I do not prescribe to Religion (with a capital R; as construed by general society). I do pursue (follow, worship) Christ religiously. Big difference. One is a noun that often implies that my practices and activities alone can get me to God and Heaven. The other is an adverb that describes the intensity and consistency of my desire for the things that can only come from Him to me. The latter indicates a relationship not unlike a child’s pursuit of a parent or, if that doesn’t grab you, a lover of their beloved.
However, I do think it is important to examine our notions about religion in order to understand and position Christ as a viable option to those who are skeptical of Christianity as a Religion.
My first thought when I hear people say that religion is the “opiate of the masses” is…then why isn’t everyone high? Because according to its definition, we all participate in religious activity…even the Christopher Hitchens’ of the world. Yep. I said it.
Religious: scrupulously faithful; conscientious; something one believes in and follows devotedly; ritual observance (dictionary.com)
In other words, most of us spend our lives pursuing [fill in the blank] religiously. If that weren’t the case, then some of us — not me, unfortunately— wouldn’t show up at the gym at 5am in pursuit of health, or maybe less prudent, the ideal body. Others of us wouldn’t show up at work on time, everyday, sometimes early — again, not me — in pursuit of money or purpose. Sundays find just as many people parked on the couch waiting for the next football game as it does people parked on a pew waiting for a sermon.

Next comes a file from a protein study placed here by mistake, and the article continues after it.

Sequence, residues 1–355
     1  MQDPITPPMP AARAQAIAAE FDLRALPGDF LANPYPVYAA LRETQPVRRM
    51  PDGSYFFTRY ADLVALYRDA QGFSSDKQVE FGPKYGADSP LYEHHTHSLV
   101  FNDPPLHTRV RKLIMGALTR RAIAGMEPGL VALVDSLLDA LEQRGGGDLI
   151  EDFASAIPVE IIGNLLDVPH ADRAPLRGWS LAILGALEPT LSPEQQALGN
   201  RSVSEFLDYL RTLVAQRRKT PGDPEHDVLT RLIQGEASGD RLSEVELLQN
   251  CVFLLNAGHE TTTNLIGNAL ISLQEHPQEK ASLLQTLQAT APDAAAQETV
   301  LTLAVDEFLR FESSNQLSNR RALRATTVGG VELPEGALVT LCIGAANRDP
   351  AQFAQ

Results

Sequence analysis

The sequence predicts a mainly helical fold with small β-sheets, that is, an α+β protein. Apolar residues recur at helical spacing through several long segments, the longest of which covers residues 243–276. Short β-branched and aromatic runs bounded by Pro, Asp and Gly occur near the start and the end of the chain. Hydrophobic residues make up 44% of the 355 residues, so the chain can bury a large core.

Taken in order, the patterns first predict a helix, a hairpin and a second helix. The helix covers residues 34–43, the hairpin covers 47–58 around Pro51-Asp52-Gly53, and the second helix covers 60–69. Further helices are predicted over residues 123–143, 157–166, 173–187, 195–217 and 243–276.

None of these are wrong (in and of themselves). Yet only one is scrutinized as foolish.
The difference between how people view these everyday things and the assessments made of those of us who follow Christ is the perceived value of these actions in relationship to the outcomes. When you go to the gym, to work, or watch a football game, there is an immediate satisfaction of a need or want through your own actions. So the idea that one’s spiritual hunger can be satiated by no action of their own…by something as seemingly abstract as God ‘s love and grace…is difficult to accept. Particularly in a world that, at best, identifies love as transitory and grace as unwise.
There’s a saying: Everyone wants to go to Heaven but no one wants to die. Well I submit that this is more of a problem for believers (who, in a post-restoration state, experience fully the struggle between their flesh and spirit) rather than non-believers. For those who are seeking, it’s more like this: Everyone wants to go to Heaven but EVERYONE wants to Drive. You see, we humans understand religious activity quite well. It’s the reason why religious institutions have been so powerful for so long and why we rebel against it so ardently. It’s the whole love, grace and mercy thing that we struggle with and against. And that’s what an authentic relationship with Christ conveys.
Therein lies the greatest opportunity to act out Christ’s great commission (Matt. 28:19-20). No matter the challenge or the push back we may get from those who have only seen our Religion (capital R) as representative of who we are… we MUST focus on sharing and showing God’s love, grace, and mercy. We must live it out in front of the world daily, in spite of our discomfort with the very people, places, and things that need Him the most. The Body of Christ can distinguish its Faith from other inconsequential religious activity and traditions (including and especially our own) by sharing the exponential value of the outcomes of accepting His free gift – an eternal relationship with Christ and the Father and the trustworthy guidance of the Holy Spirit day-to-day – all without doing anything but saying YES with your whole heart.